Physics in support of biology

​The CEA does not only bring its expertise in producing labeled molecules to biology. It also benefits greatly from a technical environment that is almost unrivaled.

Since 1956, physicists and biologists at the CEA have partnered to develop techniques for thyroid scintigraphy, with such a potential for medical applications that Jean Coursaget created the Service Hospitalier Frédéric Joliot (SHFJ) in 1958, within the hospital of Orsay. In this service, biologists, physicians, physicists and, later, computer scientists have shaped the foundations of modern medical imaging.

Very early in the history of the CEA, biologists developed the use of X-ray and neutron beams, with support from their physicist and chemist colleagues, to explore molecular structures (particularly of proteins). Whether in Saclay or Grenoble, they have participated in the advancement of understanding structure-function relationships. Thanks to its physicists interested in nuclear magnetic resonance (NMR), the CEA found itself at the forefront for developing applications in molecular chemistry, structural biology and medical imaging in the 1970s, when this technique was gaining momentum (with the arrival of superconducting magnets and computers).

“Time-of-flight” positron camera, Service Hospitalier Frédéric Joliot, March 1983.
©CEA/ Pierre Jahan

Desired since the creation of the CEA, reinforced by its rapid spread and driven by collaborations between biologists and researchers from other disciplines, life sciences at the CEA have gradually structured themselves. This culminated with the creation in 1990 of the Division of Life Sciences (DSV), comprising seven institutes. Since 2005, the DSV has managed the CEA at Fontenay-aux-Roses, where the dismantling of old nuclear facilities has gradually given way to facilities in biology (especially health). In 2007, the two national platforms in sequencing (Genoscope) and genotyping (CNG) were attached to the CEA, becoming the eighth institute of the DSV: the Genomics Institute. In early 2010, the government redefined the missions of the CEA, renaming it the “Commission for Atomic Energy and Alternative Energies”. The DSV thus made the strategic decision to strengthen its teams working on alternative energy, namely biocatalysis and biohydrogen production, third generation biofuels, and research on energy-efficient processes.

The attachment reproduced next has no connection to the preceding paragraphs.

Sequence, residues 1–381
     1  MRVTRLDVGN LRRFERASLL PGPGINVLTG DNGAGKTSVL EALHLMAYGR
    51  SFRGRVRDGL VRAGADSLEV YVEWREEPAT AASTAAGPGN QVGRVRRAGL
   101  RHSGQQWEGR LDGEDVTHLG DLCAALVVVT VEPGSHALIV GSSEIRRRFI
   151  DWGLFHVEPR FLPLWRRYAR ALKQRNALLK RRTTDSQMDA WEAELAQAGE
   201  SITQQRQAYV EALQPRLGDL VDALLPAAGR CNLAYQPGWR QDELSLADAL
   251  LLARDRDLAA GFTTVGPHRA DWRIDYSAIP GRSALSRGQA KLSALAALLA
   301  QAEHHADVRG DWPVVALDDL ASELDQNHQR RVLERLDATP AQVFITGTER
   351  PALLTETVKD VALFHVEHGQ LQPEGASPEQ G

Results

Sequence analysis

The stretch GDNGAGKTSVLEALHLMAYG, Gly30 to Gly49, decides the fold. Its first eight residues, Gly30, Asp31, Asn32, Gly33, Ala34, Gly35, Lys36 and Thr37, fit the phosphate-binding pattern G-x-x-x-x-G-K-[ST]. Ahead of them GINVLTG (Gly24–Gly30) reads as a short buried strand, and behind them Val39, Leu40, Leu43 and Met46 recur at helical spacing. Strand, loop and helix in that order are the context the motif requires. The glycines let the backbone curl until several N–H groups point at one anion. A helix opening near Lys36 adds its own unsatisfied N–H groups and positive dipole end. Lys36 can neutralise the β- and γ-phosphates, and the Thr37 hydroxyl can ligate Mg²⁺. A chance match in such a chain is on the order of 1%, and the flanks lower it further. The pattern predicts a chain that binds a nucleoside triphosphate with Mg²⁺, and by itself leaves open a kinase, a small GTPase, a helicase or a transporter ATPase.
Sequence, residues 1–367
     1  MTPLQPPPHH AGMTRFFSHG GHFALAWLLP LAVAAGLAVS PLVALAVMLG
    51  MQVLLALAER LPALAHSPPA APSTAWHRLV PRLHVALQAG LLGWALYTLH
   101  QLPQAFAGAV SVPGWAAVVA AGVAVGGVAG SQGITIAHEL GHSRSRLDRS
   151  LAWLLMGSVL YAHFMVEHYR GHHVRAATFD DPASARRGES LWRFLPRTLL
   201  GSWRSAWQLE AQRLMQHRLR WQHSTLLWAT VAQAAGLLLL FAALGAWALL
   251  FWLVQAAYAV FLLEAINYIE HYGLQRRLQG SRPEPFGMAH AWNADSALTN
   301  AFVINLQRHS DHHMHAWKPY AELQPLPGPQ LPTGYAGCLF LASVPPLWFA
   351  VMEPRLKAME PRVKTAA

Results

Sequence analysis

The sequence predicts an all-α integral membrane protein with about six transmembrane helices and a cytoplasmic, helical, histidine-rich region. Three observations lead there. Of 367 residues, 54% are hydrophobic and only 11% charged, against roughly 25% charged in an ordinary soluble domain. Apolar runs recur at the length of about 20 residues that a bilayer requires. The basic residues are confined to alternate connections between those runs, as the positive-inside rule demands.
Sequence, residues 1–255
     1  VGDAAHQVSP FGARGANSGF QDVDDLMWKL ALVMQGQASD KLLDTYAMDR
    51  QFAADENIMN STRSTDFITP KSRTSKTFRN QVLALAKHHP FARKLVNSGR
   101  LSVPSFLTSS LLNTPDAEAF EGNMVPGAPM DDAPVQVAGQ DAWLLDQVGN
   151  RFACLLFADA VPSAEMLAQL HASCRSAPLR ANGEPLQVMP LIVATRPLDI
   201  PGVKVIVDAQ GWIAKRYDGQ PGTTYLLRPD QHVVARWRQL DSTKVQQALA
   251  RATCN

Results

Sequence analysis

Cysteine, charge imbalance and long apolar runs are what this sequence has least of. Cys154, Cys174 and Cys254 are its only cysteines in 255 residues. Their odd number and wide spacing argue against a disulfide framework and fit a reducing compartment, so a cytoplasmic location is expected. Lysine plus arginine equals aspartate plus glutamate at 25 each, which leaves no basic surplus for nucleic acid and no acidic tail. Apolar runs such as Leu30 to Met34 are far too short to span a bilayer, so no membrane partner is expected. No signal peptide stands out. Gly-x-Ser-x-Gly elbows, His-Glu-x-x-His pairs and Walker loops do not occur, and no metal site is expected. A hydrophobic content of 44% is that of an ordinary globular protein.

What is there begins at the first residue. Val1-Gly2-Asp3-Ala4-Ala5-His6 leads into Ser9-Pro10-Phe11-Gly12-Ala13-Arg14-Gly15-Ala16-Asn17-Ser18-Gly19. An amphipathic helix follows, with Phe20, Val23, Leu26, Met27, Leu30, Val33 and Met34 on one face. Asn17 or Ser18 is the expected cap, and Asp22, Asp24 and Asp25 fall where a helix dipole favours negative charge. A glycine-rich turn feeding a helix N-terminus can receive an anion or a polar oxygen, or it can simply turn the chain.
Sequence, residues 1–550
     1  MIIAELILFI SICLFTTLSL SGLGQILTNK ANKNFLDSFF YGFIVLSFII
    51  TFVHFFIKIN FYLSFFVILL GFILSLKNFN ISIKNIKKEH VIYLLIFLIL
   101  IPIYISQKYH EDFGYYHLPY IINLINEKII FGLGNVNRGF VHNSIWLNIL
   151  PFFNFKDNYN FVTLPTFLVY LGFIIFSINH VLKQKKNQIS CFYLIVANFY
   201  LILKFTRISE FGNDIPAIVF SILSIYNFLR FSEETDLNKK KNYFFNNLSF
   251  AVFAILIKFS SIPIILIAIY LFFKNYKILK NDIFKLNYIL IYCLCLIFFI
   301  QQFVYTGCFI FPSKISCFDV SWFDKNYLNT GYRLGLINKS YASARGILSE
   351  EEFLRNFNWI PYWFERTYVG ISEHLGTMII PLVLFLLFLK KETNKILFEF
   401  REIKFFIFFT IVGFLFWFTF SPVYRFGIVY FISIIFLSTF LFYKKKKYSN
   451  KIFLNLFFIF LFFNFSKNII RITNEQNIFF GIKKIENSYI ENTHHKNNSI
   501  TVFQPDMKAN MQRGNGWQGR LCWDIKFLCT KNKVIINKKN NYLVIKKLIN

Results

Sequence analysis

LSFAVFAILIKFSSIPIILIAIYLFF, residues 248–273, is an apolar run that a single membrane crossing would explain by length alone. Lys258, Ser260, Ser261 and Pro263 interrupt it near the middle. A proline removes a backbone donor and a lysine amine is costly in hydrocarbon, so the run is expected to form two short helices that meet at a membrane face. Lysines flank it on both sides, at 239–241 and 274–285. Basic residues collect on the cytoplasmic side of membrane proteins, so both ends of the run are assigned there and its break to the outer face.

Today, the DSV is one of five operational units of the CEA. The life sciences are steeped in its culture of industry, technology and innovation, and benefit from a wealth of exchanges with the other centers (the Divisions of Nuclear Energy, Material Sciences, Military Applications, and Technological Research).

Key dates in biology at the CEA


Creation of the Commission for Atomic Energy.


Installation of the first biology laboratories at the Fontenay-aux-Roses center. François Morel, first "medical biologist" of the CEA, works on a "functional body imaging".


Francis Perrin, High Commissioner, creates the biology service under the direction of Jean Coursaget.


Biologists establish themselves at the Saclay center.


Creation at Orsay of the Service Hospitalier Frédéric Joliot (SHFJ), devoted to nuclear medicine.


Installation of biochemistry and physiology laboratories at the Grenoble center.


The biology service becomes a department.


The beginning of radioagronomy at the Cadarache center.


Creation of the Division of Life Sciences, with 7 institutes.


The Fontenay-aux-Roses center is attached to the DSV.


Attachment to the CEA of two national platforms for genomics research: the National Sequencing Center (Genoscope) and the National Genotyping Center (CNG). They form the 8th institute of the DSV, the Genomics Institute (IG).